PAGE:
I am not the most observant of people, however I did notice the weather forecast on the evening of Friday 2 October. To say it looked good for eastern migrants on the Durham coast was an understatement! The next day, I chose to start birding near the Spion Kop Cemetery just north of Hartlepool, which I thought was probably as good as anywhere in the heavy rain that was forecast. After that, I would work my way up the coast.
I haven't found a Durham rarity for a few years and I haven't comes across a British rarity since the year Radde's Warbler came off the BBRC list, so despite the weather map, I wasn't overly optimistic. As I drove to Hartlepool, I calculated my likelihood of finding something good: if one out of 10 birds on the coast were migrants and one in 1000 of those were rare and one in 100 of those were likely to be visible in the pouring rain, my chances were one in a million; great!
I parked at the southern end of the line of trees and bushes and had enjoyed two Bramblings and good numbers of thrushes by the time I reached the northern end. Nevertheless, even the pessimist in me had expected a little more. On the other hand, a European Robin had allowed me to pick it up and place it in a safer location, so there were some tired migrants around; and the rain had held off so far.
As I 'pished' towards the last bush at the northern end, a shrike popped out and landed in front of me. With the naked eye I thought it was about the size of a Red-backed Shrike, but it was quite pale. Through the bins I could see it clearly wasn't a Red-backed; rather, the speckled crown and overall mixture of greyish, white and black plumage, together with a prominent white mark on the primaries, made me think of Woodchat Shrike. A few seconds later the bird disappeared round the back of the bush. Having never found the species in the UK, I was very chuffed but I had a few fleeting worries: "Woodchats can be that pale, can't they?"; "I didn't see a pale rump"; "The tail was quite long"; "I wasn't expecting to find one in October". Some of these would be major red flags for a properly switched-on birder but at that point, I have to be honest, Masked Shrike didn't cross my mind.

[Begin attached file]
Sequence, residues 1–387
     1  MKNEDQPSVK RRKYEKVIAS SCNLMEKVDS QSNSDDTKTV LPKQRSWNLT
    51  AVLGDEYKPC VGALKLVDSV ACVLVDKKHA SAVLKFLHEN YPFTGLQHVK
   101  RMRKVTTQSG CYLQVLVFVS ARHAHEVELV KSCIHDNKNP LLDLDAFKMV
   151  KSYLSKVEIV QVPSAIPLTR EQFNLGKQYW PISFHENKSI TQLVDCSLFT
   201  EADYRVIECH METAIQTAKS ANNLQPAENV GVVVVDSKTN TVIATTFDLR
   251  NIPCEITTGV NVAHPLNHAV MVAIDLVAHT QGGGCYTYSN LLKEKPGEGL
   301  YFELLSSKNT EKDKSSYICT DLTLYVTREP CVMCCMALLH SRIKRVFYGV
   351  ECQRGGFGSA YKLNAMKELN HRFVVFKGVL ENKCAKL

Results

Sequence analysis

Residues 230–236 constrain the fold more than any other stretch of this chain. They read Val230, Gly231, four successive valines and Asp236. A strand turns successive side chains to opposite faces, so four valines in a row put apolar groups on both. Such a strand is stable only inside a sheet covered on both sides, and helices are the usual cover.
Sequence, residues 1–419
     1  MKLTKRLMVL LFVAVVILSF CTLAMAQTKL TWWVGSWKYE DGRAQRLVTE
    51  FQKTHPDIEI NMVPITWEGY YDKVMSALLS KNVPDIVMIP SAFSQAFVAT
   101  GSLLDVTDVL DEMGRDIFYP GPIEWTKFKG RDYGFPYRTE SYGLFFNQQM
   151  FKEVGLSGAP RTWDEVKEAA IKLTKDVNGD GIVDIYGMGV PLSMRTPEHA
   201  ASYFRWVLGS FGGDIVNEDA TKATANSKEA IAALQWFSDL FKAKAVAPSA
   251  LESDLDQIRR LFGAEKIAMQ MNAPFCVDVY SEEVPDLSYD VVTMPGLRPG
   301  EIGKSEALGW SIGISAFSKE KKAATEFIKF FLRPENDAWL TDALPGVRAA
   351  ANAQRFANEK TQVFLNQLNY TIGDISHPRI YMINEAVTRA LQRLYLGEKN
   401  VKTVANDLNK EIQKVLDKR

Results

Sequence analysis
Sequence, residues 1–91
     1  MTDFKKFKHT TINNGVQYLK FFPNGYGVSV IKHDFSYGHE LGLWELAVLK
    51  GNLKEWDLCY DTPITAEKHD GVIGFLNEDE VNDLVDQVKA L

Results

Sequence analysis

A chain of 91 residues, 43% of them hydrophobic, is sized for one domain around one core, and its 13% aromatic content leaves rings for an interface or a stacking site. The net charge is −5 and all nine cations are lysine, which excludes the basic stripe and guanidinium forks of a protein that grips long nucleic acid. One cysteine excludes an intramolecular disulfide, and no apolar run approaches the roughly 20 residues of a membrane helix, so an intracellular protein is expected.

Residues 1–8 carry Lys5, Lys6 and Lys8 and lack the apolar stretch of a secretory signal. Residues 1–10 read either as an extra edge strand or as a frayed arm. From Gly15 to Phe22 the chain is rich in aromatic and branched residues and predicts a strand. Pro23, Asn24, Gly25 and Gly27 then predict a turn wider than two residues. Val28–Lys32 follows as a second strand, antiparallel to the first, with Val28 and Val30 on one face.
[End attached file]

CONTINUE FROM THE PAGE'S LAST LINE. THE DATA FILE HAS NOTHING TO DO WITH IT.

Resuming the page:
After waiting for a few minutes to see if it would reappear, I decided to put news out. I don't use bird news services (sorry BirdGuides!) so I put my bird news on Twitter. At 9.04 am I tweeted that I had found a Woodchat Shrike and it wasn't long before some birders arrived from the Hartlepool area. Soon after, with the naked eye, I saw a long-tailed, grey bird with white wing-bars fly away from the original location. It did look small – was that another red flag? Unfortunately, the shrike disappeared for a frustratingly long time until it was seen briefly in flight twice by Geoff Iceton. When Tom Francis told me that the shrike had been relocated, I could have hugged someone, but since that is strictly forbidden under local lockdown rules, I just said, "Is it definitely a Woodchat?". I think I had an inkling I had made a mistake.